She heard the mask strap snap, and her gaze jerked to a fabric bunting along the far wall. Malfoy's red satin domino came flying, tugging up the bunting from the wall and displaying an awful sight. Malfoy was slumped over Professor Snape. Horrified, she ran over to the two men and pulled Malfoy off her professor, tossing him viciously to the side. Professor Snape was leaning rigidly against the wall, trousers and underwear around his ankles.

Torn between admiring the view and preserving her Professor's dignity, she pulled up his trousers firmly and removed the Full Body Bind. He fell limply to the floor, still fast asleep. Reassured that he had come to no harm, she turned her attention to Malfoy, who lay on the floor. He appeared to be enjoying a lovely dream.

She pointed her wand at the hated face. "Depilato!" It was with great satisfaction that every hair on Malfoy's head, including his hair, eyebrows, and eyelashes, fell to the floor in a spill of platinum blonde. She grinned. Lucius had an oddly shaped head. She floated his body to the bandstand and on an impulse set Malfoy's limp form on top of Umbridge.

After admiring her handiwork, she made her way to the Minister of Magic's seat. He sat slumped in his chair. She stood for a few moments, measuring the pompous arse she'd known in school against the rather lost-looking man before her. Losing his father had been hard on him, though she knew he would never admit it. He'd been clever to toss his hat into the political ring at that point, when public sympathy had been at its highest. But now, with public opinion turned against him and his absurd policies, what would he do? And more importantly, would anyone daft or ambitious enough to seek the office do a better job?

At that point, Hermione made a decision. Percy Weasley would remain Minister of Magic for as long as he chose. Short of claiming to have been under the Imperius Curse, he would take some of the blame for the Department of Deflorestation debacle. But if she could get him to mend his rift with Hogwarts, perhaps there might be hope for him.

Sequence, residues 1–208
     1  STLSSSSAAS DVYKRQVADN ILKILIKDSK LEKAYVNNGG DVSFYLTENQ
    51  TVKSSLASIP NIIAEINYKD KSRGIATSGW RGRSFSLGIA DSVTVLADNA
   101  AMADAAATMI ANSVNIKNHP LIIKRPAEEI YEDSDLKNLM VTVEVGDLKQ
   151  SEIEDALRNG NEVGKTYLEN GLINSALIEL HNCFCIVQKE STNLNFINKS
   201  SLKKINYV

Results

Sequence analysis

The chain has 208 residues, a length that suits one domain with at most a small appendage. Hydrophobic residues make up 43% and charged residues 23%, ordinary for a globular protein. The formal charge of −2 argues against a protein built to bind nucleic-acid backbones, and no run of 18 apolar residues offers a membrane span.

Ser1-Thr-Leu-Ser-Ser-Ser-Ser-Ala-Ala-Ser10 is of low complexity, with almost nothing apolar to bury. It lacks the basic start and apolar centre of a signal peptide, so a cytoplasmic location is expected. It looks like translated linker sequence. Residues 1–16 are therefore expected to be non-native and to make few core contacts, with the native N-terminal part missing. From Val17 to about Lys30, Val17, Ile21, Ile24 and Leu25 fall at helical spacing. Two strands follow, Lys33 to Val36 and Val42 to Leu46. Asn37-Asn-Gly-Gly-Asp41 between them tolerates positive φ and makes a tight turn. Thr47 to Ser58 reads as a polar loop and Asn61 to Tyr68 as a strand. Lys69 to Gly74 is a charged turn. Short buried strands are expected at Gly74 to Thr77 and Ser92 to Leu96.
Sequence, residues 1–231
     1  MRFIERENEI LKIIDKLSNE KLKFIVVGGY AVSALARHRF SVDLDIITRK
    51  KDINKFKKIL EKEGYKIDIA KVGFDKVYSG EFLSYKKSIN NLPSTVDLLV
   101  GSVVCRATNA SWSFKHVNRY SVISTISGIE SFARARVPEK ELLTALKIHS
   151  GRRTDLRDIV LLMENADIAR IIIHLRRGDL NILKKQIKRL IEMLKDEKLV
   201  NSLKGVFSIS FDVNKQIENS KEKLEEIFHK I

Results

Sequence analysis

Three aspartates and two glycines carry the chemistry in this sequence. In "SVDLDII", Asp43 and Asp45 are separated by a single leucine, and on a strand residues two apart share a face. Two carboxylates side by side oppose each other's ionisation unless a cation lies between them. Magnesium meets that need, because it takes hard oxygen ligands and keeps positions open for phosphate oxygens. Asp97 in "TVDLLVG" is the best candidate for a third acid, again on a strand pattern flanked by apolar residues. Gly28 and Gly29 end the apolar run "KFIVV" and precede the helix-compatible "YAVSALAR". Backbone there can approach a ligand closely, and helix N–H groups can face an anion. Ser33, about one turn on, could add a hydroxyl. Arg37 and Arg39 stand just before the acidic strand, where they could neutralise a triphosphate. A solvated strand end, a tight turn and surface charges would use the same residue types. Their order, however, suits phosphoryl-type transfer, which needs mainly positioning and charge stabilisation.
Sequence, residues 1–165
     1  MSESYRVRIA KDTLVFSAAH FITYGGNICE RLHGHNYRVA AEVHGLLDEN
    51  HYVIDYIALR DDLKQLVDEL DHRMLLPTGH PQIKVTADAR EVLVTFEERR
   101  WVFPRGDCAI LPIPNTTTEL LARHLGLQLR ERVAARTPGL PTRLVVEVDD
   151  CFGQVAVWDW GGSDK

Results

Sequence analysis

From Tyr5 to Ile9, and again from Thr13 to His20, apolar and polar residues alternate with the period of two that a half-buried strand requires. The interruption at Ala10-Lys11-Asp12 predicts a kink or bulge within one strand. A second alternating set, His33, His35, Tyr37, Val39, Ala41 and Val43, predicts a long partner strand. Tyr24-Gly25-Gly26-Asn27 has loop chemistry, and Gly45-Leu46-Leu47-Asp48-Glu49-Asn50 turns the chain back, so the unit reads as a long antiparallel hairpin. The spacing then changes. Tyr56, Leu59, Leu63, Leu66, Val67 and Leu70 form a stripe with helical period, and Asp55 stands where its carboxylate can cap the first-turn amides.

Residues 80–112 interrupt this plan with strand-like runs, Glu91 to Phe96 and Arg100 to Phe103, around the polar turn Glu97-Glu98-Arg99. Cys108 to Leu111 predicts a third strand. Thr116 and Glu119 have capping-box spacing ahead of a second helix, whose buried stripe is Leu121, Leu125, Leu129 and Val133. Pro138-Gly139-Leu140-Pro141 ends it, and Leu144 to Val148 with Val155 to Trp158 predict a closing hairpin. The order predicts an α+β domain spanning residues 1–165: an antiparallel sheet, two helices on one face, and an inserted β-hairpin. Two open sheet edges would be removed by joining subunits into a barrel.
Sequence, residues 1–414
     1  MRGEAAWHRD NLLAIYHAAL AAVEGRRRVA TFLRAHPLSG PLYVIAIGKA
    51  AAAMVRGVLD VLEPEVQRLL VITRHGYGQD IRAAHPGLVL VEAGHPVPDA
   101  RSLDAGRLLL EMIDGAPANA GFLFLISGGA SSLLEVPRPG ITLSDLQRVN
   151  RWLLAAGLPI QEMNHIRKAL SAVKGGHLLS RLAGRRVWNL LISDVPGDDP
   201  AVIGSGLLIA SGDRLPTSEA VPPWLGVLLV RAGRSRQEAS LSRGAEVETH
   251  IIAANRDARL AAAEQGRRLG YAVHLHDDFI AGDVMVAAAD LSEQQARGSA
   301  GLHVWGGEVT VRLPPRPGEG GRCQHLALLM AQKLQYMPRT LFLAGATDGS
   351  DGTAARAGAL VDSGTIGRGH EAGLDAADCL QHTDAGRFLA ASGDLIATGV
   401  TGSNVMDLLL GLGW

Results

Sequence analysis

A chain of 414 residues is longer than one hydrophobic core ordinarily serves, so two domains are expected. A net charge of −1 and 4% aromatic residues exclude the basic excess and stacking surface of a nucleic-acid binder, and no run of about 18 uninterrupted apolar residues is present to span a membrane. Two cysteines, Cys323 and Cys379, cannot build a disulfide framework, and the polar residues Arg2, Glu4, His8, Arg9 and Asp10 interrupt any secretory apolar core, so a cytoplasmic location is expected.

She searched his robes for the speech that she knew would be there. She unrolled the scroll, frowning to see Dolores Umbridge's script on the page. She transfigured a quill from a discarded pair of butterfly wings, vanished the previous contents of the parchment, and began to scribble furiously.

When she had finished the Minister's speech and returned it to his pocket, she scanned the room again for any potential trouble. Now, to wake them all up.

She swept her wand in a wide arc. "Finite Incantem!"

Nothing happened. She frowned. "Rennervate!"

The soft breathing of the sleepers continued uninterrupted. Puzzled, she sat down next to the Minister and began to think. This charm was Professor Flitwick's, and was altered from the original Magical Sleep spell, which, she remembered from a footnote in Olde and Forgotten Bewitchments and Charmes, had been a witch's revenge against a social slight. The book had neglected to provide the incantation, or any useful information about how to undo the spell.